U.S. Markets closed
  • S&P 500

    4,704.54
    +15.87 (+0.34%)
     
  • Dow 30

    35,870.95
    -60.10 (-0.17%)
     
  • Nasdaq

    15,993.71
    +72.14 (+0.45%)
     
  • Russell 2000

    2,363.59
    -13.42 (-0.56%)
     
  • Gold

    1,861.20
    -0.20 (-0.01%)
     
  • Silver

    24.88
    -0.02 (-0.08%)
     
  • EUR/USD

    1.1369
    -0.0006 (-0.0568%)
     
  • 10-Yr Bond

    1.5890
    -0.0150 (-0.94%)
     
  • Vix

    17.59
    +0.48 (+2.81%)
     
  • GBP/USD

    1.3497
    -0.0003 (-0.0216%)
     
  • USD/JPY

    114.3040
    +0.0520 (+0.0455%)
     
  • BTC-USD

    54,382.15
    -203.07 (-0.37%)
     
  • CMC Crypto 200

    1,402.14
    -65.80 (-4.48%)
     
  • FTSE 100

    7,255.96
    -35.24 (-0.48%)
     
  • Nikkei 225

    29,683.09
    +84.43 (+0.29%)
     

Yahoo U: Market cap

Yahoo Finance’s Brian Cheung breaks down market cap in this week’s Yahoo U.

Video Transcript

AKIKO FUJITA: It is time for this week's lesson in Yahoo U. Today, we are talking about market cap. And as always, Yahoo Finance's Brian Cheung here to lead the class for us. Brian?

BRIAN CHEUNG: Well, Akiko, class is in session. And today, we're talking about market caps. Now, I'm actually going to guess that most of our viewers already know what a market cap is, right? It's how big a company is. But what's fascinating about market caps is it also tells us something about the market itself. Wait, what?

All right, well, let's take a step back first. So market capitalization is calculated as the stock price multiplied by the total number of outstanding shares. And you can easily find these figures on our Yahoo Finance site, shameless plug.

So if a stock, for example, is, let's say, $20, right, and there are 1 million outstanding shares out there-- again, sorry, for my terrible handwriting. Pretty easy calculation here. The market cap is going to be 20 times a million. That's $20 million.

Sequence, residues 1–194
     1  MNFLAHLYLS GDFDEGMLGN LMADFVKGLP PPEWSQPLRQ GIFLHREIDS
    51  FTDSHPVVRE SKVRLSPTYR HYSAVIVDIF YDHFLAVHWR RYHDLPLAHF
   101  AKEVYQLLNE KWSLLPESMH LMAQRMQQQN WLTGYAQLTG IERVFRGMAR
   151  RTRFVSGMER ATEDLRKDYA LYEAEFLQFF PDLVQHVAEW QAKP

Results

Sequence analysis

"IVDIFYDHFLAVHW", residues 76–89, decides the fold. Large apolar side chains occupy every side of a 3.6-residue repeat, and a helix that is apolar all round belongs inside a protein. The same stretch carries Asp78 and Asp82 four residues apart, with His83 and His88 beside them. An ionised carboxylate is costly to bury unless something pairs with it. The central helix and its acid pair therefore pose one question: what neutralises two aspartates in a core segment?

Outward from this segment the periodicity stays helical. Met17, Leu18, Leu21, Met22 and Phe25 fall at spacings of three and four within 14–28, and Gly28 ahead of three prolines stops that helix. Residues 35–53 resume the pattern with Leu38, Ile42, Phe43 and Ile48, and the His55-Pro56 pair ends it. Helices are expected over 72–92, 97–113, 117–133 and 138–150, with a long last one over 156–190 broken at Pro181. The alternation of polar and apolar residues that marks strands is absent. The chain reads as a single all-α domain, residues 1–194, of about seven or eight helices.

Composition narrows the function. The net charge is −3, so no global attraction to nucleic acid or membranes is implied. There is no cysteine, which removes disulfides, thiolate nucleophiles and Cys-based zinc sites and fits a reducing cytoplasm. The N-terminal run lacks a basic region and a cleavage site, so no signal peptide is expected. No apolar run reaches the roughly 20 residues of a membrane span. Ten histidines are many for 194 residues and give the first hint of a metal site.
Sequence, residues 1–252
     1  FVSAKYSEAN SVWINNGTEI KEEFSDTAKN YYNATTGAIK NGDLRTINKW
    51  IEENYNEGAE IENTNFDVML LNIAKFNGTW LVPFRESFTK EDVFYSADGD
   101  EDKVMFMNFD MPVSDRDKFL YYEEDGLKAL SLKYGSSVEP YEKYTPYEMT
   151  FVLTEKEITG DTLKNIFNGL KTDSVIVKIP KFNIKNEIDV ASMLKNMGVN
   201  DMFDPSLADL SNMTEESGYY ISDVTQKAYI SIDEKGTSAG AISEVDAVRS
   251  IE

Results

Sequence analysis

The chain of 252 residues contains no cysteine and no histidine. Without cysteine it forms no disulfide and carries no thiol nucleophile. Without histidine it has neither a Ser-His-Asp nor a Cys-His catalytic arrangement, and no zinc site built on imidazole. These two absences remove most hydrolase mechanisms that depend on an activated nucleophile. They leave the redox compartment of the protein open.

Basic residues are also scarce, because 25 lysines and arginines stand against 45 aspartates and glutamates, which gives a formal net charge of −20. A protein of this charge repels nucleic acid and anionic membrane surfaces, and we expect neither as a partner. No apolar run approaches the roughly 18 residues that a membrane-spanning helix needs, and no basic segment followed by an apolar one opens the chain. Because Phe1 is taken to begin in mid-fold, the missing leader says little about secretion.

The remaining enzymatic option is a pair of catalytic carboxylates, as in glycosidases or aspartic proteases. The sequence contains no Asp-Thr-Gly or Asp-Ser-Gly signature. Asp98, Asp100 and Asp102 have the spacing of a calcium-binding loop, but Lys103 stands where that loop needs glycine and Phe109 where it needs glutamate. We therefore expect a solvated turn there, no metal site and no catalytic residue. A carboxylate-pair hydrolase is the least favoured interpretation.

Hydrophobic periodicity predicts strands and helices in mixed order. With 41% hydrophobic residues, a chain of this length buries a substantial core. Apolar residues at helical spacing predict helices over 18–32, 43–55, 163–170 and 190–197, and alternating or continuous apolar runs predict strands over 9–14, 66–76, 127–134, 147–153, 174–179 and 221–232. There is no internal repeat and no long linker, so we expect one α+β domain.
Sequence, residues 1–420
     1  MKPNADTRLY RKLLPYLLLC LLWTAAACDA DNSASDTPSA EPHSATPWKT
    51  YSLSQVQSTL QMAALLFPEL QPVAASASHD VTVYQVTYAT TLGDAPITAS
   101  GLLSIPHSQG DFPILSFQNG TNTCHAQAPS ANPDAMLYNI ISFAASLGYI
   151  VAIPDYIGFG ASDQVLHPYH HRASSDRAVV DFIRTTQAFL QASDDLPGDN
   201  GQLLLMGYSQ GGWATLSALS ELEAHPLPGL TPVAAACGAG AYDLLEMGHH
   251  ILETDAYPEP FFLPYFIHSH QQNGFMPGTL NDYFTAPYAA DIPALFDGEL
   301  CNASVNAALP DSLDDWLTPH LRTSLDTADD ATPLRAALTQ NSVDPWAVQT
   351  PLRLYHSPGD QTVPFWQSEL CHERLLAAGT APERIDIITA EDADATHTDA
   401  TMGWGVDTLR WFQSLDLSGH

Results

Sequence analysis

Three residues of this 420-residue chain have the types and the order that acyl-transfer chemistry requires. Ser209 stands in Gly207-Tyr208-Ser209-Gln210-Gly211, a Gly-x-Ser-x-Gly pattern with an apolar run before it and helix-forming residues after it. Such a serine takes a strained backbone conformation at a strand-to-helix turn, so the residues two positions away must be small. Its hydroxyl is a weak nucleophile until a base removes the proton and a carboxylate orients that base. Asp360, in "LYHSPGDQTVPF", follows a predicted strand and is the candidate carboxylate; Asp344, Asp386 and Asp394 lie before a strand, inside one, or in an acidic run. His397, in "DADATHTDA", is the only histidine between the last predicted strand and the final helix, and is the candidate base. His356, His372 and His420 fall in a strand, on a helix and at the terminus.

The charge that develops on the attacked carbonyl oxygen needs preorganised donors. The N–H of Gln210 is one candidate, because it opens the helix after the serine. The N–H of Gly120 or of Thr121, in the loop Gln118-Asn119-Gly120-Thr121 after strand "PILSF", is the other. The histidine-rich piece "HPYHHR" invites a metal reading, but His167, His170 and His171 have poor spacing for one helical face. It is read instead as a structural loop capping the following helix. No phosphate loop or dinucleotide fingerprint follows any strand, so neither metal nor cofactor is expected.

Now, of course, companies come in all market caps and all different types of shapes and sizes. And there's no SEC definition for this. So again, the definitions are going to depend on who you're asking broadly. But a large company is defined as those above $10 billion in market cap, whereas midsize is going to be between $2 and $10 billion. And then small, broadly, is going to be between $300 million and $2 billion.

Now, there's also kind of subgroups within these. So mega-cap companies, which would be a subgroup of large, would be those above $200 billion, for example. And then anything that's smaller than $300 million might be referred to as a micro-cap company.

All right, so here's the question, though. When we talk about the market, when you see us on Yahoo Finance quote the S&P 500, who's covered in that? Is it just large? Is it large and medium? Is it large, medium, and small? Are there any small companies in there?

Well, the range is pretty large, as you can imagine. And market cap, as I explained, will fluctuate day to day because of the stock prices. But as of earlier this week, the largest cap stock in the S&P 500 by weighting was Apple. And their market cap's about $2.2 trillion. So that not only makes them a mega-cap, that makes them, like, a mega-mega-cap company.

Now, the smallest stock, for example, that's weighted in the S&P 500 is a company called Hollyfrontier Corporation. It's a petroleum refiner that's based in Texas. And their market cap, only $5.6 billion. That's about 400 items smaller than Apple. So again, that means that Hollyfrontier is actually mid. Well, it's actually the middle of the mid, again, between $2 and $10 billion, which means that there are no small caps covered in the S&P 500.

So the question is, where might we see some small caps? And for that, we have to zoom beyond the S&P 500, which is why we have something called the Russels. And the Frank Russell company came up with this in the 1980s. And the Russell 3000 is not a rapper. It's the universe of the 3,000 largest US-traded stocks. This is going to include a lot of smaller companies but also the bigger fish like Apple.

So let's say, for example you lined up all the companies from smallest to largest. Again, the largest 1,000 companies would be covered under Russell. The smaller 2,000 companies after that would be in the Russell 2000. So if you want to see how small caps are doing, you're going to look at the Russell 2000, which is just those small cap companies.

Now, of course, by definition, it's, of course, the large stocks that are the major market movers. And that's why when we talk about the market on our programs when we look at the Dow or the S&P 500, that's a pretty good proxy for those large companies. But again, it doesn't cover those smaller micro-cap companies, which could have a completely different growth potential. It's something very important for investors to keep in mind when they look at the market but also try to cherry pick the stocks that they own. And that is this week's Yahoo U.